U.S. gas prices hit 7-year high, as crude oil prices continue to climb, though at slower pace
Good news for consumers, prices at the pump are predicted to level off a bit in November-December
Prices of gasoline in the United States have climbed to a new seven-year high.
For the week of Nov. 1, the national average for one gallon of regular gasoline rose to $3.39, up less than a cent from the week prior, due to a slight dip in domestic demand.
According to the U.S. Energy Information Administration, demand for gasoline fell from 9.63 to 9.32 million barrels per day.
The Automobile Association of America says that the drop in demand for gas has helped stem the pace of rising prices, while predicting that pump prices will continue to increase while crude oil prices remain in the $80-plus per barrel range.
"We have finally seen a little dip in domestic demand for gasoline, which may signal that the seasonal post-Labor Day easing was a little delayed this year," said AA A spokesman Andrew Gross said. "And if the recent steady increase in crude oil prices takes a breather too, consumers may benefit at the pump with smaller price hikes."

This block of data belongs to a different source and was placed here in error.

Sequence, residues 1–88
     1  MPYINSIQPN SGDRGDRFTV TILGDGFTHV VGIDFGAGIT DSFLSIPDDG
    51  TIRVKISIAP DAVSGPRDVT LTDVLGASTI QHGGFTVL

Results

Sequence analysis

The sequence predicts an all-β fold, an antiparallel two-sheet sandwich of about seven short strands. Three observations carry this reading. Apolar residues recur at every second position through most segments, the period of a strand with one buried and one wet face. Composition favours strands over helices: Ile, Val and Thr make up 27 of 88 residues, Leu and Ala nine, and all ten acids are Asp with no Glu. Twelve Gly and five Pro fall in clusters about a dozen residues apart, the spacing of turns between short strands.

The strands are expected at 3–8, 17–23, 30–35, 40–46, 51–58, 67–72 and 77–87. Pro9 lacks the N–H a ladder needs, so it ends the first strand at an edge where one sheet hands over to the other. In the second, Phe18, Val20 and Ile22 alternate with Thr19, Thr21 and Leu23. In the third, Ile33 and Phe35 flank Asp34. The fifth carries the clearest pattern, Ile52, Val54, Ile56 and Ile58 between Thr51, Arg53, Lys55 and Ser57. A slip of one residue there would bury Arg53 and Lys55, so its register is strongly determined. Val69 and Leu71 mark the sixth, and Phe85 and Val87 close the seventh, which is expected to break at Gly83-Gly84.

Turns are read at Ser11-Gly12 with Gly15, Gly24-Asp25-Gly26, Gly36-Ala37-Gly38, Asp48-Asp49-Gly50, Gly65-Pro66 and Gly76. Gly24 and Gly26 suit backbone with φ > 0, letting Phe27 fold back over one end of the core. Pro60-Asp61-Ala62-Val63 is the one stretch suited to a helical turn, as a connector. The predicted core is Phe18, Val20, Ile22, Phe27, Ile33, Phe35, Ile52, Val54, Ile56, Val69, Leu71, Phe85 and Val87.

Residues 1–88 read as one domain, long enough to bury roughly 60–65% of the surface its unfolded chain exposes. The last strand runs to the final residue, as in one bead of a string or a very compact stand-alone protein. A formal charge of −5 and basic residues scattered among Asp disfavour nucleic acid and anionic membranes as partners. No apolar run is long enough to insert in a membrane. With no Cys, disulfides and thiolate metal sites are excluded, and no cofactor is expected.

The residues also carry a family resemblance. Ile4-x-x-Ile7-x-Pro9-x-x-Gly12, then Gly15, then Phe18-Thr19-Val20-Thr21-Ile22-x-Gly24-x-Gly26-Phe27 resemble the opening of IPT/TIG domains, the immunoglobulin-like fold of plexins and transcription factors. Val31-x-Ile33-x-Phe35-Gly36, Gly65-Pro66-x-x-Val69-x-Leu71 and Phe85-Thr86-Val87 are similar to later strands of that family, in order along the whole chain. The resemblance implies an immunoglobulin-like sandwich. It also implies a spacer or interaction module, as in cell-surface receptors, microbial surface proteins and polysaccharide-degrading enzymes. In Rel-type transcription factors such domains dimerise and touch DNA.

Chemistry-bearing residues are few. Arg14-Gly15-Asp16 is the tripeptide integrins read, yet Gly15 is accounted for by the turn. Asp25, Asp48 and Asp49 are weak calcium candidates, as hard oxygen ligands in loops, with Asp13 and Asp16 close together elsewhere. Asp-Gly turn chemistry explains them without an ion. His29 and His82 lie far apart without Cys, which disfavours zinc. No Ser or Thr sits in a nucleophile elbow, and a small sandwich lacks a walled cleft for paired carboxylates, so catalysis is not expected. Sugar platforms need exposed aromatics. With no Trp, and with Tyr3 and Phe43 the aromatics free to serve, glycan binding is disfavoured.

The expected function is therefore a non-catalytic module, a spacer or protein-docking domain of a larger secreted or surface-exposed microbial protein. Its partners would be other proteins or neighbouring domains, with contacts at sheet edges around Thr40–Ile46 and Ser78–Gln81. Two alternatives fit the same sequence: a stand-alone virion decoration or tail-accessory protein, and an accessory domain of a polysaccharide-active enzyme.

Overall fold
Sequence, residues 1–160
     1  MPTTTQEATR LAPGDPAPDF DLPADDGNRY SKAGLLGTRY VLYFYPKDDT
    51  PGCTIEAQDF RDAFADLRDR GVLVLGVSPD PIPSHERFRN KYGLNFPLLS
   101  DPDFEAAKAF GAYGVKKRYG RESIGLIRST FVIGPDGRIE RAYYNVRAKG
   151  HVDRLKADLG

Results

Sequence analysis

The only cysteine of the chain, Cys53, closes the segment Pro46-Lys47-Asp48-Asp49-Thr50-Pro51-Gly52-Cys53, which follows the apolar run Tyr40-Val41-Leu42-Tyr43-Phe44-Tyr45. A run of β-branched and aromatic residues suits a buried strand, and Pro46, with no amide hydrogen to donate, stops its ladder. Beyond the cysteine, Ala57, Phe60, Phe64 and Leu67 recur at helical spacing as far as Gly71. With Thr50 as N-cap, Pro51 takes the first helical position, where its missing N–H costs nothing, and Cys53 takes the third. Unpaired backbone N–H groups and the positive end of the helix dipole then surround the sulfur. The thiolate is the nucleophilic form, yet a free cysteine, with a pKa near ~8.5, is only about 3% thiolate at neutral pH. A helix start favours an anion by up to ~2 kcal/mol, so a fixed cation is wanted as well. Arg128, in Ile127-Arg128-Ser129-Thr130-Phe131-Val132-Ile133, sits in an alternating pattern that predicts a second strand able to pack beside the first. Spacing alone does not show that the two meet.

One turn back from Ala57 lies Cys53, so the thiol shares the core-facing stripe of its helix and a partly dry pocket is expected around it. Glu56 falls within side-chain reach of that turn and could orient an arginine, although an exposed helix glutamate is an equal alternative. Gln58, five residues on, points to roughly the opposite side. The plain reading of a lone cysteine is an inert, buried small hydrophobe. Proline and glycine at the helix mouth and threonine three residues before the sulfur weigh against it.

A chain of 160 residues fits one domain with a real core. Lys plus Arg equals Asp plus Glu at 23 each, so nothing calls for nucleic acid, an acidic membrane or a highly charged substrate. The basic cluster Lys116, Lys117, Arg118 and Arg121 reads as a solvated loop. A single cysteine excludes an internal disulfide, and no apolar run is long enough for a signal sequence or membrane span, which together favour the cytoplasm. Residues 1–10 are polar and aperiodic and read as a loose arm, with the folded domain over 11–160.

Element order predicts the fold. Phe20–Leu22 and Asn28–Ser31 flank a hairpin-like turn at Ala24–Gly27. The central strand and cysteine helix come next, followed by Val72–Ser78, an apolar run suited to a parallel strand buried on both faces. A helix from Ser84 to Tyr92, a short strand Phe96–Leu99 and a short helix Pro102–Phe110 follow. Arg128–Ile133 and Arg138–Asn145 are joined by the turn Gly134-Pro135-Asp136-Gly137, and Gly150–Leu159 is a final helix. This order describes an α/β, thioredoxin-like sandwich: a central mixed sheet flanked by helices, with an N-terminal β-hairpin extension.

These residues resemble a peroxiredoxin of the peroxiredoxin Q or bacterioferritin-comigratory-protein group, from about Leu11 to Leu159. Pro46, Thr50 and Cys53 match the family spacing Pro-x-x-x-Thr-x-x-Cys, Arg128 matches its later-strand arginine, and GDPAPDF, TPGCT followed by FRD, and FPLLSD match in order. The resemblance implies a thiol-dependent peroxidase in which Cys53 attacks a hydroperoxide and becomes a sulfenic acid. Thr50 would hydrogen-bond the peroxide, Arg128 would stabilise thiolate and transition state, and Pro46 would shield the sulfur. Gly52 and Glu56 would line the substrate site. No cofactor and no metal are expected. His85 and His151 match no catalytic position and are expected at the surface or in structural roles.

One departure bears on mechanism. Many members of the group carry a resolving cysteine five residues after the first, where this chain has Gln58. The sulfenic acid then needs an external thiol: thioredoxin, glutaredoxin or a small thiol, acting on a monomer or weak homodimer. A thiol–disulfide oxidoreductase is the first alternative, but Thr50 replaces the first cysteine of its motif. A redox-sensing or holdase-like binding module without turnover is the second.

Year-over-year, retail gas prices tend to peak in late summer and level off in the fall. The EIA is currently anticipating that falling demand will ultimately catch up with prices.
The agency predicts that gas prices will average $3.21 per gallon in October and dip to $3.05 a gallon by December – good news for Americans who have been feeling their gas tanks in their wallets.
Demand, however, continues to outstrip supply for crude oil from OPEC and other producers.
Crude oil prices are heading toward $85 a barrel this week – Brent crude rose 20 cents to $84.91/barrel on Tuesday morning, while U.S. West Texas Intermediate climbed $84.19.
Next week OPEC+ is scheduled to raise its output by 400,000 per day early this month at its next meeting, which is scheduled for Thursday.